All mouse genes used in the co-expression network analysis are spelled according to the Mouse Genome Informatics (MGI) data base. For example, the mouse dopamine D1 receptor is abbreviated as Drd1a, while the human or rat dopamine D1 receptor is abbreviated as DRD1. Images were prepared with the network visualization tool Medusa [25].

Results

The specificity of the signals obtained with in situ hybridization was confirmed using a sense probe. Background levels were very low in all sections analyzed (data not shown).

Medial prefrontal cortex

All regional analyses consisted of two-way factorial ANOVAs with main factors STRAIN, DF = [1,24] and AGE, DF = [2,24] and STRAIN × AGE, DF = [2,24]. ANOVA of the medial prefrontal cortex revealed a significant main effect of STRAIN [F = 130.3; P < 0.0001] and AGE [F = 32.9; P < 0.0001], but failed to reveal a STRAIN × AGE interaction. Post-hoc analysis with the Bonferroni/Dunn test showed that the three-, five- and ten-week old SHR expressed significantly (P < 0.0001) higher levels of calcyon mRNA when compared to WKY rats of the same age (see Figs. 1A and 2). In both strain of rats, the three-, and five-week old rats expressed significantly (P < 0.05) higher levels of calcyon mRNA than the ten-week-old rats.

thumbnailFigure 1. Expression of calcyon mRNA in the frontal-striatal circuitry of SHR and WKY rats during various postnatal ages. Values are shown as means ± S.E.M., n = 5 per each group. **P < 0.0001; * P < 0.05 compared to WKY rats of the same age. For further details see the results section.

thumbnailFigure 2. Representative autoradiograms showing calcyon mRNA at the level of the frontal cortex and rostral striatum in three-, five-, and ten-week-old SHR and WKY rats. Coronal sections are from approximate bregma levels +2.6 and +1.6, respectively (arbitrary scale). The abbreviations are as follows: mPFC, medial prefrontal cortex; OFC, orbital frontal cortex; M1, primary motor cortex; STR, striatum; AccSh, nucleus accumbens (shell region).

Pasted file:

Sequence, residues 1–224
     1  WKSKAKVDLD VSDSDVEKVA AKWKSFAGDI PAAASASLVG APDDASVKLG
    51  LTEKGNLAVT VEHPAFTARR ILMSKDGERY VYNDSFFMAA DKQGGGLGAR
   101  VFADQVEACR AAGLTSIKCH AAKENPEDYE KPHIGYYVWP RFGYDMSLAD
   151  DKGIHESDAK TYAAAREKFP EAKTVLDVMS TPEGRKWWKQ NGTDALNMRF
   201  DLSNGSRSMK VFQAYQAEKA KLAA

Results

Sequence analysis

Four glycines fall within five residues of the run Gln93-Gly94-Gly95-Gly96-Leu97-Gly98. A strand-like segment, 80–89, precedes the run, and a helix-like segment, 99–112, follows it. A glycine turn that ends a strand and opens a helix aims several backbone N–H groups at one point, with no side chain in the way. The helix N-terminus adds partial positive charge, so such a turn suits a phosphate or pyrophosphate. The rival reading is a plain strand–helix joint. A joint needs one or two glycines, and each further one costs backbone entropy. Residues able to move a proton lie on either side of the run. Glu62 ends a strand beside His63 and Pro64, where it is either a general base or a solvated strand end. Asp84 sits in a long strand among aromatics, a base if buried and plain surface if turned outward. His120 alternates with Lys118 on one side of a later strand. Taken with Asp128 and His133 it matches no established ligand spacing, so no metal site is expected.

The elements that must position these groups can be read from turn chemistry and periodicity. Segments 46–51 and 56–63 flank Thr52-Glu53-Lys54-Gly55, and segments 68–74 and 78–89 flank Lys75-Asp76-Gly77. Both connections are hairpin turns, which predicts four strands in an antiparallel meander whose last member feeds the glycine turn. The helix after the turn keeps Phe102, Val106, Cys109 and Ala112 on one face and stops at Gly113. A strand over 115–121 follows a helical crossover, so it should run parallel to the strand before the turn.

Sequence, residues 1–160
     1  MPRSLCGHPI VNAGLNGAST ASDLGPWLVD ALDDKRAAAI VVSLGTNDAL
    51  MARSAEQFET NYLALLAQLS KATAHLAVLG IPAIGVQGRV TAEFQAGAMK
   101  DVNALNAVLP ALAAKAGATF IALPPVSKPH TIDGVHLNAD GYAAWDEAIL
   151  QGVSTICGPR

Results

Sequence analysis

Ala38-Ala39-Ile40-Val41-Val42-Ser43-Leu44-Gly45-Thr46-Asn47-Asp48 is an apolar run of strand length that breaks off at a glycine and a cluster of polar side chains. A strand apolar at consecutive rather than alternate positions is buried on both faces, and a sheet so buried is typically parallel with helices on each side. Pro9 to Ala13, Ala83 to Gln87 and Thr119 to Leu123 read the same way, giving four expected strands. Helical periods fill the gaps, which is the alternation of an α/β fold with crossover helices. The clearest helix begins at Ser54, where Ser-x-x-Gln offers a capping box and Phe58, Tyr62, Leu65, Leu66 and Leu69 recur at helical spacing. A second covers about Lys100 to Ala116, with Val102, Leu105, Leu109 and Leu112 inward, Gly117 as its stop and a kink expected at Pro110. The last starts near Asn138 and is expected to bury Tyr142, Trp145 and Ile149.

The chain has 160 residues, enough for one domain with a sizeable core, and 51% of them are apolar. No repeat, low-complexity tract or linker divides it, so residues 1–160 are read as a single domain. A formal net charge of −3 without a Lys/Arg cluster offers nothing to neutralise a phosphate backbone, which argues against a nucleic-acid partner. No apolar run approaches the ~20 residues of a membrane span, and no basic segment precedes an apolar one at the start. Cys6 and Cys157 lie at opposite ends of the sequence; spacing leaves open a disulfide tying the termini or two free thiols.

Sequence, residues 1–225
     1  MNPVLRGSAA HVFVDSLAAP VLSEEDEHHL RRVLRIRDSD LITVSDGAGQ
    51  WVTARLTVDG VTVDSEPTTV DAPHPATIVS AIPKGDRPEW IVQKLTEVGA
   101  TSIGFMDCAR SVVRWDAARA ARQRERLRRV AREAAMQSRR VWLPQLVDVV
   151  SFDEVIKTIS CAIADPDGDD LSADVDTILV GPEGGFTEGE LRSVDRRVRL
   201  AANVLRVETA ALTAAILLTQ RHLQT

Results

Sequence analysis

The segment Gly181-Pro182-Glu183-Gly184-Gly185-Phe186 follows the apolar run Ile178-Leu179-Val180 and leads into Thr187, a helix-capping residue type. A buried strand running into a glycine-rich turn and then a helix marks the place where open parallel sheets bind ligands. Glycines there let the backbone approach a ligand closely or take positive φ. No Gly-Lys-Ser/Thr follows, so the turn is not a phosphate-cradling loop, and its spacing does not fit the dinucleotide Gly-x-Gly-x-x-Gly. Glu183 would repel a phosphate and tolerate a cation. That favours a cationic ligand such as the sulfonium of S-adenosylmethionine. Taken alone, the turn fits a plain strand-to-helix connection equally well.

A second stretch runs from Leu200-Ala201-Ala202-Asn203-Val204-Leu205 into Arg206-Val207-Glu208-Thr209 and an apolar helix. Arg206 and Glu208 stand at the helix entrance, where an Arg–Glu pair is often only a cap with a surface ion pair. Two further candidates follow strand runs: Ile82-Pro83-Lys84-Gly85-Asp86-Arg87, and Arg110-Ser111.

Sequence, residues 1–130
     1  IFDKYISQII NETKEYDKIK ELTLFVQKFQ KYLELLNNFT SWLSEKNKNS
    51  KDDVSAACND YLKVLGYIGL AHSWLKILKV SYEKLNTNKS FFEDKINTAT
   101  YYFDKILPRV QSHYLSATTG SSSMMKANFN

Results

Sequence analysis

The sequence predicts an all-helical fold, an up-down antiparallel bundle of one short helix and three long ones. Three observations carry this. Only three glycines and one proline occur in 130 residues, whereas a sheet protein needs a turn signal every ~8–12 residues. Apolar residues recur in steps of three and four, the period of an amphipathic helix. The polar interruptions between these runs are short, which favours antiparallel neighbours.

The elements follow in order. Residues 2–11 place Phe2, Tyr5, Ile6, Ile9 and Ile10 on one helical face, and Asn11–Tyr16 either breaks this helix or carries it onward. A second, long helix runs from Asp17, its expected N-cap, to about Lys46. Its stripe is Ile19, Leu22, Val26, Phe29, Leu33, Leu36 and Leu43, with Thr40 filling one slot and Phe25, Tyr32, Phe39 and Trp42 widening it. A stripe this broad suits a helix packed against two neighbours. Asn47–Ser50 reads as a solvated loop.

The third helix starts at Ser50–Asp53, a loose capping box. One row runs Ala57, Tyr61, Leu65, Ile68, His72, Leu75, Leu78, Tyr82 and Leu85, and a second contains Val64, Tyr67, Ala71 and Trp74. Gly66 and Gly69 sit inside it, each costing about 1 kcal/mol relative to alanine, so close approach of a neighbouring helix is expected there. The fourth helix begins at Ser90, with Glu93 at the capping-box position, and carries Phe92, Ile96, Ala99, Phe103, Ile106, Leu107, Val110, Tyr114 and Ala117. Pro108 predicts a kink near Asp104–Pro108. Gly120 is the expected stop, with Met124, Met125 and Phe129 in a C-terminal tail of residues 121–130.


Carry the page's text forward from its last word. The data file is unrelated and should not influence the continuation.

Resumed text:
Orbital frontal cortex

ANOVA of the orbital cortex revealed a significant main effect of STRAIN [F = 126.6; P < 0.0001] and AGE [F = 34.9; P < 0.0001], but failed to reveal a STRAIN × AGE interaction. Similar to the medial prefrontal cortex, the three-, five- and ten-week old SHR were found to express significantly (P < 0.0001) higher levels of calcyon mRNA when compared to WKY rats of the same age (see Figs. 1B and 2). Moreover, in both strain of rats, calcyon mRNA expression was significantly (P < 0.0001) higher in the three-, and five-week-old rats than in the ten-week old rats.

Motor cortex

ANOVA of the primary motor cortex revealed a significant main effect of STRAIN [F = 10.0; P = 0.004] and AGE [F = 25.9; P < 0.0001], but failed to reveal a STRAIN × AGE interaction. Post-hoc analysis showed that the three-, and five-week-old SHR expressed a rather small but significant (P < 0.05) increase in calcyon mRNA when compared to the WKY rats of the same age (see Figs. 1C and 2). In both strains of rats, the three-, and five-week-old rats expressed significantly (P < 0.05) higher levels of calcyon mRNA than the ten-week-old rats.

Striatum

ANOVA of the rostral, middle, and caudal striatum revealed a significant main effect of STRAIN ([F = 8.2; P = 0.009], [F = 8.4; P = 0.008], and [F = 14.3; P = 0.001], respectively) and AGE ([F = 9.5; P = 0.001], [F = 23.2; P < 0.0001], and [F = 21.4; P < 0.001], respectively), but failed to reveal a STRAIN × AGE interaction. In both the rostral and middle striatum, post-hoc analysis showed that the five-week-old SHR expressed a rather small but significant (P < 0.05) increase in calcyon mRNA when compared to WKY rats of the same age (see Figs. 1D and 2). In addition, in both strain of rats the three-week-old rats expressed significantly (P < 0.05) higher calcyon mRNA levels than the ten-week-old rats. In the caudal striatum, post-hoc analysis showed that the three-, and five-week-old SHR expressed a rather small but significant (P < 0.05) increase in calcyon mRNA when compared to WKY rats of the same age (see Figs. 1E and 2). In both strains of rats the three-, and five-week-old rats expressed significantly (P < 0.05) higher calcyon mRNA levels than the ten-week-old rats.

Nucleus accumbens

ANOVA of the nucleus accumbens (shell region) revealed a significant main effect of STRAIN [F = 9.3; P = 0.005] and AGE [F = 17.9; P < 0.0001], but failed to reveal a STRAIN × AGE interaction. Post-hoc analysis showed that the three-, and five-week-old SHR expressed a rather small but significant (P < 0.05) increase in calcyon mRNA when compared to WKY rats of the same age (see Figs. 1F and 2). In addition, in both strain of rats the three-, and five-week-old rats expressed significantly (P < 0.05) higher calcyon mRNA levels than the ten-week-old rats.

Co-expression network analysis